Bernie Baldwin

Commercial solutions advisor Patrick Edmond explains the thinking behind managed interlining.

Self-connecting on two different low-fare airlines – separate tickets, re-checking for passenger and luggage, re-booking out of the passenger’s own pocket if a connection is missed. Yet people do it because it can often reduce the overall fare versus that of a full-service carrier with interline agreements.

Edmond observes: “Traditional interlining is effective and works for large carriers. Low-cost carriers don’t want that complexity. Virtual interlining is available, but while this provides insurance, the airlines involved are not working with passengers or other carriers in the itinerary. The PNR is not integrated and each airline cannot see the other sectors during the full journey.” He also notes that poor connections could damage brands.

Managed interlining is Air Black Box’s solution. “It means a lightweight relationship between the airlines; a master PNR lets each see information about the whole journey. So if there’s a delay on Leg 1, other airlines can see what’s happening,” Edmond explains. Another feature of the Air Black Box application is that it is GDSagnostic, which enables an airline to cross-sell inventory and ancillaries on partners’ flights. “This facility is not even available in the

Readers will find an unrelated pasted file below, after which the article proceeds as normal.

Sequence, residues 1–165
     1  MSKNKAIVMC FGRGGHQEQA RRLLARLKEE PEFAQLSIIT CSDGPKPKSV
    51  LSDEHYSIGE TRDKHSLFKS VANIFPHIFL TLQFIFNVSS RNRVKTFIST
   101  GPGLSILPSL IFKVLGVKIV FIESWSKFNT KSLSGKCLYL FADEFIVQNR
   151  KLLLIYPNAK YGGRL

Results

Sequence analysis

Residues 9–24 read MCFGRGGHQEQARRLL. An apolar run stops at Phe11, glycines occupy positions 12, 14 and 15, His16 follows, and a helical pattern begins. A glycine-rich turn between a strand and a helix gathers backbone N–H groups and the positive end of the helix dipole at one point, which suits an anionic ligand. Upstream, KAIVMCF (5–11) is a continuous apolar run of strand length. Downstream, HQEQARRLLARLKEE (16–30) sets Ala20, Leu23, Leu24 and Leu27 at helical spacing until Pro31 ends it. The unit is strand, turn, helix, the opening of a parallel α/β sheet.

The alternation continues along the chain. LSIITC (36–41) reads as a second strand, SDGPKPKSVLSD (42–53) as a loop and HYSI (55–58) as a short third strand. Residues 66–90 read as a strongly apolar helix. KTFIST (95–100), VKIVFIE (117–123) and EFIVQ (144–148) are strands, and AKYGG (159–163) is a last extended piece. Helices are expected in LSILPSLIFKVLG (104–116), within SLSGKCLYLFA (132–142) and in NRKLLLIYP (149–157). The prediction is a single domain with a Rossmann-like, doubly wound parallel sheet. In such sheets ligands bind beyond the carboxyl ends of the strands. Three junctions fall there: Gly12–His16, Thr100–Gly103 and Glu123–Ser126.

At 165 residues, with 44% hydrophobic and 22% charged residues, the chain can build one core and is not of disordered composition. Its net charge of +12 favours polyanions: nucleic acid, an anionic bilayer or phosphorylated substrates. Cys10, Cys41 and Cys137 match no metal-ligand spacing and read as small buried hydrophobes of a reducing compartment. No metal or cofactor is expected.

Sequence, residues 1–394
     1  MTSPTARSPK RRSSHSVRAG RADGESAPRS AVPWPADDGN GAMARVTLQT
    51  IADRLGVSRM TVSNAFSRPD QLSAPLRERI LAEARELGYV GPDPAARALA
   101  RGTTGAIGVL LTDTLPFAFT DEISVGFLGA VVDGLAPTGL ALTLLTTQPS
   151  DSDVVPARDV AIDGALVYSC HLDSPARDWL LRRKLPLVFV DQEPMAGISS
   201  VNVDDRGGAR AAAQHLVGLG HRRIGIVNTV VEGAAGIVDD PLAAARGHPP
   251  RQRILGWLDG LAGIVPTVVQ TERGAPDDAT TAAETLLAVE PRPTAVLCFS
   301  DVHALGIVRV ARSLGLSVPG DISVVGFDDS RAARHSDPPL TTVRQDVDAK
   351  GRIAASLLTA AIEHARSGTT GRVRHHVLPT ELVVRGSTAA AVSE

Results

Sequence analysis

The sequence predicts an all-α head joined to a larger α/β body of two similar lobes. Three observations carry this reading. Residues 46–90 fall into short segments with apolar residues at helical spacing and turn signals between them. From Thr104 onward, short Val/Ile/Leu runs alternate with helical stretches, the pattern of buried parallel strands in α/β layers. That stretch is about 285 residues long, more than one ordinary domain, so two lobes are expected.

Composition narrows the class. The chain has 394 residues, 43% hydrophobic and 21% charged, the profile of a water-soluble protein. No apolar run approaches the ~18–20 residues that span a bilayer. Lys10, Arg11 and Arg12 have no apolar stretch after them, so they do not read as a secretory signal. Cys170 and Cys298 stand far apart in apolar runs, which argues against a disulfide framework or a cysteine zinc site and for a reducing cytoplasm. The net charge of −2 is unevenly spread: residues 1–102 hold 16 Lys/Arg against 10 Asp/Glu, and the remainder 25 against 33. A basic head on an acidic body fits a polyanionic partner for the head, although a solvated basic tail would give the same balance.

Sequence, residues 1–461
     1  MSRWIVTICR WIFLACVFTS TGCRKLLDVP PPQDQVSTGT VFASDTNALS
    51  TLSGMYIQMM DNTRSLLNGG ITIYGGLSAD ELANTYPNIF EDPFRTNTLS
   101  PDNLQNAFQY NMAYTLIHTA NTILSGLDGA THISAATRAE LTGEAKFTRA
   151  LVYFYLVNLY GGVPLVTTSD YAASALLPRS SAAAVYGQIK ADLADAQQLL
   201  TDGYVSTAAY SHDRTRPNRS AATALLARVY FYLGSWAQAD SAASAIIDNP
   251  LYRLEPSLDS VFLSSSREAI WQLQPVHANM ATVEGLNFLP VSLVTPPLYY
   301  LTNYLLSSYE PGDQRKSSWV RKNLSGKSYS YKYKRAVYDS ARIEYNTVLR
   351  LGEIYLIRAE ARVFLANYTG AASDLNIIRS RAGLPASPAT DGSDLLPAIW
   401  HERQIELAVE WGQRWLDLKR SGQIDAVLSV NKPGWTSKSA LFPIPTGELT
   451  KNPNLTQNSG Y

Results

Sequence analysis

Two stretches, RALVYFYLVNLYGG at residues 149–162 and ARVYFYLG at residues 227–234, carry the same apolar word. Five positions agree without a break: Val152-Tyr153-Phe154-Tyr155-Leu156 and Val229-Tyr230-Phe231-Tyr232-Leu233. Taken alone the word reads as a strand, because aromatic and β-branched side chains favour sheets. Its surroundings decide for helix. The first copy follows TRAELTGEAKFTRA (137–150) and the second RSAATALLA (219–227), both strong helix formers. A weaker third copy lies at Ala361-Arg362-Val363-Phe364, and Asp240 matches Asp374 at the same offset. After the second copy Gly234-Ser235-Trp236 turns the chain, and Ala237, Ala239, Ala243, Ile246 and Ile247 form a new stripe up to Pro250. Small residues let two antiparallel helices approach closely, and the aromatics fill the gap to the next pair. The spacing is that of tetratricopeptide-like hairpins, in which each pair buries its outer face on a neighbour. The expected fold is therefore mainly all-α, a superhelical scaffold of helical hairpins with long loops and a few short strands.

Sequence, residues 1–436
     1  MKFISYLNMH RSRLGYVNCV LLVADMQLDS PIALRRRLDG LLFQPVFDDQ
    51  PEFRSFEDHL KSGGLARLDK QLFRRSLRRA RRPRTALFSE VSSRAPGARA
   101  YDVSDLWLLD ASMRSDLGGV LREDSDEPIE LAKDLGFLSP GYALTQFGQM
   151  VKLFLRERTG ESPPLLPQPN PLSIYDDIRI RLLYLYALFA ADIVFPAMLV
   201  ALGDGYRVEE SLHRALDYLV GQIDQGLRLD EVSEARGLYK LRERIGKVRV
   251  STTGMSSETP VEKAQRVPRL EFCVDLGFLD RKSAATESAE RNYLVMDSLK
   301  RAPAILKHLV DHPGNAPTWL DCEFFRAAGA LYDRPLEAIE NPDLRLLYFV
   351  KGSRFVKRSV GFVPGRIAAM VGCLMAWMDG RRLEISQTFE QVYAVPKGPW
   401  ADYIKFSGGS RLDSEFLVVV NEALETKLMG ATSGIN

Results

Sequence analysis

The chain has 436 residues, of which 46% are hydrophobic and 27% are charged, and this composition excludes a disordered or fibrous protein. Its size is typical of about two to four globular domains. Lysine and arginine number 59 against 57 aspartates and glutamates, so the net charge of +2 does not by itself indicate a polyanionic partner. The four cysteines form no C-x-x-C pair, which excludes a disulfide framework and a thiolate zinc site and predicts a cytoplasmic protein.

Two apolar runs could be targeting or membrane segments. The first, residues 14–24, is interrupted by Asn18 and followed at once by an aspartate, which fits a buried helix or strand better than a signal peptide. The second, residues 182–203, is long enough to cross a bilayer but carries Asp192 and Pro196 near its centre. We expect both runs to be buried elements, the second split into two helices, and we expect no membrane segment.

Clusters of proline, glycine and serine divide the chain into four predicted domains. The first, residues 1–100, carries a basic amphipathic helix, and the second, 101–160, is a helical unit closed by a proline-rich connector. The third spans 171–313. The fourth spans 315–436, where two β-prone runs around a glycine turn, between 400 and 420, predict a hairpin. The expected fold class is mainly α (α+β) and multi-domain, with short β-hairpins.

major alliances,” Edmond emphasises. “Airlines still own the customer relationship, but it is an efficient, cost-effective way to establish new airline partnerships.”

The Air Black Box Travel Connection Platform is already in use with Value Alliance, the six airline-strong group in Asia offering 160 routes. “It’s a “one-stop-shop” booking engine, allowing carriers to cross-sell ancillaries with alliance partners or non-aligned carriers in a seamless fashion. The API interface integrates into the selling carrier’s booking flow; the back end offers flexible revenue accounting and settlement options,” Edmond confirms.

The ‘holy grail’ for low-fare airlines in managed interlining is the transfer of checked bags between any two airlines. “With Air Black Box ThruBag, that will become a reality later this year,” Edmond declares. “It will be available at booking or through an API interface after booking. ThruBag will let passengers on separate PNRs check their bags through to their final destination. A traveller can remain airside (where airport flow permits), so it’s good for airports too, as the passenger has more time to spend in the shops of food and beverage outlets.“Also, ThruBag works even without an codeshare or interline agreement between airlines,” Edmond concludes.